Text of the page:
We reviewed the literature to determine how common (prevalence) severe fatigue is in patients after treatment for childhood cancer. We also wanted to describe the course of severe fatigue after completion of cancer treatment, and to identify possible risk factors for the development of fatigue in this population.
Treatments for childhood cancer are improving and becoming more effective in curing cancer. The impact of having had cancer at a young age, together with often intensive cancer therapy, can affect physical and mental well-being later in life. Most survivors will develop one or more of these so-called late effects. Severe fatigue is a common late effect in people with adult-onset cancer and can affect a person's daily life in many ways. We do not currently know how often severe fatigue occurs after treatment for childhood cancer, nor which risk factors might be responsible for developing fatigue.
The evidence is up to date to March 2019.
We include 30 studies, describing 18,682 participants after treatment for childhood cancer. We found a lot of variation between studies in cancer diagnosis, cancer treatment, age of participants, the questionnaires used to assess fatigue, and the size of the study.
Eighteen studies reported a prevalence of severe fatigue, which ranged from 0% to 61.7%. Four studies reported a prevalence of severe fatigue in the patient's brothers and sisters or in population-based controls. Prevalence rates in these control groups ranged from 3.1% to 10.3%. In these four studies, survivors were more often fatigued than controls. This difference was only significant in two studies.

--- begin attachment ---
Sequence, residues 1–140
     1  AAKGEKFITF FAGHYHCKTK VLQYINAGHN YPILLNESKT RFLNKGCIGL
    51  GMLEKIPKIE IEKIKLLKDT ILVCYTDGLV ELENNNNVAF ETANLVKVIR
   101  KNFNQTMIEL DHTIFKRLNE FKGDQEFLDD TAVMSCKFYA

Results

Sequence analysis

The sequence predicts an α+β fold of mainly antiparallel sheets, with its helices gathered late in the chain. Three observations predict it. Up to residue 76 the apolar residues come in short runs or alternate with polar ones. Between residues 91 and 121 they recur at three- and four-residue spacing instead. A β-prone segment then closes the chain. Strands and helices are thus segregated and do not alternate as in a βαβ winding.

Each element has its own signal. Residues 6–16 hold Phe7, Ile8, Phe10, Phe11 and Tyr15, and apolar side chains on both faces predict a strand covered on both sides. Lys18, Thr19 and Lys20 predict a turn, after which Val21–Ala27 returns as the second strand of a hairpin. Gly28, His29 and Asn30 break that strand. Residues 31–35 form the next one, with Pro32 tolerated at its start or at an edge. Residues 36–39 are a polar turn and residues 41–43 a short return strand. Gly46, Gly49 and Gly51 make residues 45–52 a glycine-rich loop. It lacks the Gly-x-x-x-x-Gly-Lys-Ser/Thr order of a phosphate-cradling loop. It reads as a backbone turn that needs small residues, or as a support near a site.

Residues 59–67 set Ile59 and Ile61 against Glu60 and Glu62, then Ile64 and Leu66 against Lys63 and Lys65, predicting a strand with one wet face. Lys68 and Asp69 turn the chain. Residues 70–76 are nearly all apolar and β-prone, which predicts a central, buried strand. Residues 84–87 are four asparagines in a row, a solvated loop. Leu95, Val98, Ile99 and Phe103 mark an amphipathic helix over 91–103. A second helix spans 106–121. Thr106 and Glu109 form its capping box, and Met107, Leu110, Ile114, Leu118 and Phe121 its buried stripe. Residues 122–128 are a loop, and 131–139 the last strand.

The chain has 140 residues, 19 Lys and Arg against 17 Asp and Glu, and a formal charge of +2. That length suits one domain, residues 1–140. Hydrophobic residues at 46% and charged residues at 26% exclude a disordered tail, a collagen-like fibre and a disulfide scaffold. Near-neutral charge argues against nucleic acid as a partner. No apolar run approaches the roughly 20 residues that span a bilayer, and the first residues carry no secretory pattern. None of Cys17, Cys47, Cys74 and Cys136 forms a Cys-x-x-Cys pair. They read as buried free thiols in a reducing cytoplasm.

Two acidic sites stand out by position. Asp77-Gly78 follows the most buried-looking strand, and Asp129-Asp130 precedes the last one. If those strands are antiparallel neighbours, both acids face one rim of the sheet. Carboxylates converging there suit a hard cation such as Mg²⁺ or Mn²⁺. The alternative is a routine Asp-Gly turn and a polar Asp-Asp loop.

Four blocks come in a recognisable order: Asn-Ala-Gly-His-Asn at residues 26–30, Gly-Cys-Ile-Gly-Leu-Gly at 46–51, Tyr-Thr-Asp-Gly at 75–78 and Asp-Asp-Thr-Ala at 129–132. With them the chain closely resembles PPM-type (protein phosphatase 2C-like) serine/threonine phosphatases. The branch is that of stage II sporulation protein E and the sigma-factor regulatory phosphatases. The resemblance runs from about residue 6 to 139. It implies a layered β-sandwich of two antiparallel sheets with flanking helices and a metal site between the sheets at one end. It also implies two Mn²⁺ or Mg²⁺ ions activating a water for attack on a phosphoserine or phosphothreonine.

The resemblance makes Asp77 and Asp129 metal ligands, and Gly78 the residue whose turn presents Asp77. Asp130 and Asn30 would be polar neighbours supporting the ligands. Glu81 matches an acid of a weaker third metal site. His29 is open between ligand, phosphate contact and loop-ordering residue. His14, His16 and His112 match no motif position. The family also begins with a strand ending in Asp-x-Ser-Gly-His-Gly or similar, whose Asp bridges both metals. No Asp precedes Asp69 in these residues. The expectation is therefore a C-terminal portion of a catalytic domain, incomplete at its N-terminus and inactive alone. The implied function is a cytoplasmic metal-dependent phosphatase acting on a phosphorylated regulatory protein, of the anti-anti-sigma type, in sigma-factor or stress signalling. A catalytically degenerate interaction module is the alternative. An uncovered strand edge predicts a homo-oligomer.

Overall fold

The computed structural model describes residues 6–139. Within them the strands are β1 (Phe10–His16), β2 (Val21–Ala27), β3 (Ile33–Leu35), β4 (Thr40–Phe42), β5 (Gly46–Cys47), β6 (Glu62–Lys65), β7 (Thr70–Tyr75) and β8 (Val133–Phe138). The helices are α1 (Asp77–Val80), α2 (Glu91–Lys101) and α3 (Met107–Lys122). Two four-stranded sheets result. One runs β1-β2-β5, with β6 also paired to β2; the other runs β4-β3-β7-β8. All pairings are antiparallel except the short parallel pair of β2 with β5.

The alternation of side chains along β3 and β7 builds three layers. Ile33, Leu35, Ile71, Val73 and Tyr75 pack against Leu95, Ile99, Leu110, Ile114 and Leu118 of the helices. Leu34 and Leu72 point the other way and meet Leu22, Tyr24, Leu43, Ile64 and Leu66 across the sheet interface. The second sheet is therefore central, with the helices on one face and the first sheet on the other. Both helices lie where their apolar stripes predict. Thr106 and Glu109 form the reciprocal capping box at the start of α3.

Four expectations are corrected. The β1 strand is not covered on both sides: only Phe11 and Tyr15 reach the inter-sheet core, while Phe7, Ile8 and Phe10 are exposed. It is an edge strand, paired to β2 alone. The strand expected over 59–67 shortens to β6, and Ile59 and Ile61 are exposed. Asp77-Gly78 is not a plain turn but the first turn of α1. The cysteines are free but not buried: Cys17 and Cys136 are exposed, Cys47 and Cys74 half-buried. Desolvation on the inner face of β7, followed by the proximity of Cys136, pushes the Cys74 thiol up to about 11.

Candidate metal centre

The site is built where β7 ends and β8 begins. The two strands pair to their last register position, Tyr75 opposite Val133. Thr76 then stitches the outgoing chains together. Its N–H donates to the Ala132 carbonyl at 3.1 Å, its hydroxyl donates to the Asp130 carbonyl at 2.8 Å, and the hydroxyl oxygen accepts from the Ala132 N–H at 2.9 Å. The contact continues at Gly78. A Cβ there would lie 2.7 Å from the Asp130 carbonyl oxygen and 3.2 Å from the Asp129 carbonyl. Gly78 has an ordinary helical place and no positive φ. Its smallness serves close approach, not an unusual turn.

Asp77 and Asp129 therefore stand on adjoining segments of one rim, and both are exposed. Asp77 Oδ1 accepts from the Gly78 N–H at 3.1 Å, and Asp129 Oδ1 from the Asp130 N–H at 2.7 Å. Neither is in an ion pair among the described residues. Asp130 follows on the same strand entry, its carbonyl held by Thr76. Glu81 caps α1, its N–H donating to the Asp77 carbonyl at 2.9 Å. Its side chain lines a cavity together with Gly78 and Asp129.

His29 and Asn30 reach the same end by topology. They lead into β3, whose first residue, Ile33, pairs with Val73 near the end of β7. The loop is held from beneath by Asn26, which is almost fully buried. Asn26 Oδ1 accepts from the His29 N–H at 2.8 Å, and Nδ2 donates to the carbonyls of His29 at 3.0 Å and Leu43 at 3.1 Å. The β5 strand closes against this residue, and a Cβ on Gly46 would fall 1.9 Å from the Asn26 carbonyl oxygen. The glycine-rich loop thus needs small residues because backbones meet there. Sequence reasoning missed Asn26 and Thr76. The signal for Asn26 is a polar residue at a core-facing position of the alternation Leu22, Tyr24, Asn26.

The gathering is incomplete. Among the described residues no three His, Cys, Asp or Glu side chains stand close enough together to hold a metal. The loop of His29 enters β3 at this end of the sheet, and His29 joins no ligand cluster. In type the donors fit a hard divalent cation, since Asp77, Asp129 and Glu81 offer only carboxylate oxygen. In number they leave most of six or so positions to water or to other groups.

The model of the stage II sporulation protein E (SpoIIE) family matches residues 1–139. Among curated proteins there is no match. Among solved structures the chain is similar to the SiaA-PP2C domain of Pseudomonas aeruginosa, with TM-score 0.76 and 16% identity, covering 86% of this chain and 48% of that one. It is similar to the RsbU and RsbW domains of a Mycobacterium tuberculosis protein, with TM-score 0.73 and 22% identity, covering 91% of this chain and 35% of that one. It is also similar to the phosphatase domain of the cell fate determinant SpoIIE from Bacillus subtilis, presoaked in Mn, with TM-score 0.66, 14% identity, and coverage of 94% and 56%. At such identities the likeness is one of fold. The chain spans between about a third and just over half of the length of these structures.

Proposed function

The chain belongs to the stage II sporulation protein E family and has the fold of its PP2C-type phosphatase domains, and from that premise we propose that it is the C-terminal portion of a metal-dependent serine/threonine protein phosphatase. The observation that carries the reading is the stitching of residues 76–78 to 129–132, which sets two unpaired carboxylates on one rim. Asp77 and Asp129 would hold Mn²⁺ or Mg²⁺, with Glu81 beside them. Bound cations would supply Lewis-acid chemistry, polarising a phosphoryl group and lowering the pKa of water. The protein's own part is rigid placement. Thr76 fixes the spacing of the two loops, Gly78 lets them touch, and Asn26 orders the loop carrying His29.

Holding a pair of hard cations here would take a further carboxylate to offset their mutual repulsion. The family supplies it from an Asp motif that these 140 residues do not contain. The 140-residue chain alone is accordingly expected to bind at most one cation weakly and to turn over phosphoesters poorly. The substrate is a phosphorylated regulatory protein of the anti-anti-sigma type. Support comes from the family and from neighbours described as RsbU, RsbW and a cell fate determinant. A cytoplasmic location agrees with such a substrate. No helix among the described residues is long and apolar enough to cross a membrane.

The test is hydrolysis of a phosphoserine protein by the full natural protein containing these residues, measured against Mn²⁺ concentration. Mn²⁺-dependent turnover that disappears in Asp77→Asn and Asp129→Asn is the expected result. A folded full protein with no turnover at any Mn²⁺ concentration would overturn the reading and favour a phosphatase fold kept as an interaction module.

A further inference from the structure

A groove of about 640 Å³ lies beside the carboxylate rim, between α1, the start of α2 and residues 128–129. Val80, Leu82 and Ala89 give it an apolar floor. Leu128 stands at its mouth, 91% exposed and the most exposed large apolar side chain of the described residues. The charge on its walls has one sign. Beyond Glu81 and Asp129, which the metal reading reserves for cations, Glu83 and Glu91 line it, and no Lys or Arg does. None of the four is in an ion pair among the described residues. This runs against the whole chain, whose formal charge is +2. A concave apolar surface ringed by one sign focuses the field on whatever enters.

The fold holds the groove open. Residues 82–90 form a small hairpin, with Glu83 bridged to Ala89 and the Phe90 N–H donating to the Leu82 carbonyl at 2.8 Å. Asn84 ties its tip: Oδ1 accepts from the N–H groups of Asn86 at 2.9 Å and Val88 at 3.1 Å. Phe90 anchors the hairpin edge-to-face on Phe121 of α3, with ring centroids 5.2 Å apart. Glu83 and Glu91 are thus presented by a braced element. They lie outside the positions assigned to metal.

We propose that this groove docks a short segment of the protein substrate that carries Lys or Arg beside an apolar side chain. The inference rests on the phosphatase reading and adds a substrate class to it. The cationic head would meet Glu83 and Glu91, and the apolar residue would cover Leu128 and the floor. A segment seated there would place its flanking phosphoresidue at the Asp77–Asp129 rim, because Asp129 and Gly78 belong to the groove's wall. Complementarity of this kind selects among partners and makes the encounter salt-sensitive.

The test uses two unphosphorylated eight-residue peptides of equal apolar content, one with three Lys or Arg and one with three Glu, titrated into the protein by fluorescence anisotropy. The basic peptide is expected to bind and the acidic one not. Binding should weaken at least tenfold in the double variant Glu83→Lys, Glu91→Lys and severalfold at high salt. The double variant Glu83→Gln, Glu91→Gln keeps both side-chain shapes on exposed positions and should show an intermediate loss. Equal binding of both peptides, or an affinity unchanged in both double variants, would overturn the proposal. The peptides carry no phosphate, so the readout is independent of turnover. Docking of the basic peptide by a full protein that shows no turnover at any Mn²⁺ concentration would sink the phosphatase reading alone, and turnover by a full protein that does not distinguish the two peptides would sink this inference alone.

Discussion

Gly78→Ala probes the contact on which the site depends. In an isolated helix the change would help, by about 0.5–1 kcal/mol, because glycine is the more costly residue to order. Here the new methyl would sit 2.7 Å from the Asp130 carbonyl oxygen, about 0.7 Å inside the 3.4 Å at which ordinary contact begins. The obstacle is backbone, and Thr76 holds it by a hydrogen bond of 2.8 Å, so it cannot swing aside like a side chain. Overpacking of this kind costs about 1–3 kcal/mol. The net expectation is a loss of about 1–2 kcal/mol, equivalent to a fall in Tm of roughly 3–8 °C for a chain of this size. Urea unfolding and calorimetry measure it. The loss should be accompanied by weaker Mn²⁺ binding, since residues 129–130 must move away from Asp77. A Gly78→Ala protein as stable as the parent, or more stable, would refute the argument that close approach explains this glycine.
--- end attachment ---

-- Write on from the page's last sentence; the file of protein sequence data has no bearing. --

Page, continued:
When we looked at the prevalence of severe fatigue in survivors of lymphoma and leukaemia (types of blood cancers), we found that they ranged from 1.8% to 35.9%. Two studies reported on severe fatigue in brain cancer survivors, with rates of 21.13% and 14.6%. One study in bone cancer survivors reported no cases of severe fatigue. For survivors aged 18 and younger, prevalence rates ranged from 6.7% to 12.5%. By contrast, in studies including participants aged 16 years and over (but mostly over 18), prevalence rates ranged from 4.4% to 61.7%.
Twenty-two studies assessed one or more possible risk factors for fatigue. Our review shows that depression might increase fatigue. The age at cancer diagnosis and the education level of the survivor did not seem to influence fatigue.
Only one study provided information about the course of fatigue over time, and found that over the course of 2.7 years 32 of the 102 participants (31.4%) reported persistent severe fatigue.
Quality of the evidence
All included studies had problems with the quality of the evidence, and we found many differences between studies for several characteristics. The evidence to address our review question is therefore weak. The occurrence of severe fatigue after treatment for childhood cancer remains uncertain. This is also the case for the course of severe fatigue after completion of cancer treatment and the risk factors that might be responsible for developing fatigue.
It is unclear how many childhood cancer survivors suffer from severe fatigue. This review encountered several difficulties. We found statistical and clinical heterogeneity and great variation in the reporting of possible risk and associated factors. The evidence in this review is therefore weak, and the exact prevalence of severe fatigue after treatment for childhood cancer remains to be determined. This is also the case for the course of severe fatigue following treatment and the strength of the relationship between fatigue and associated and risk factors. Despite these limitations, our review does provide a comprehensive overview of the existing literature about severe fatigue after treatment for childhood cancer.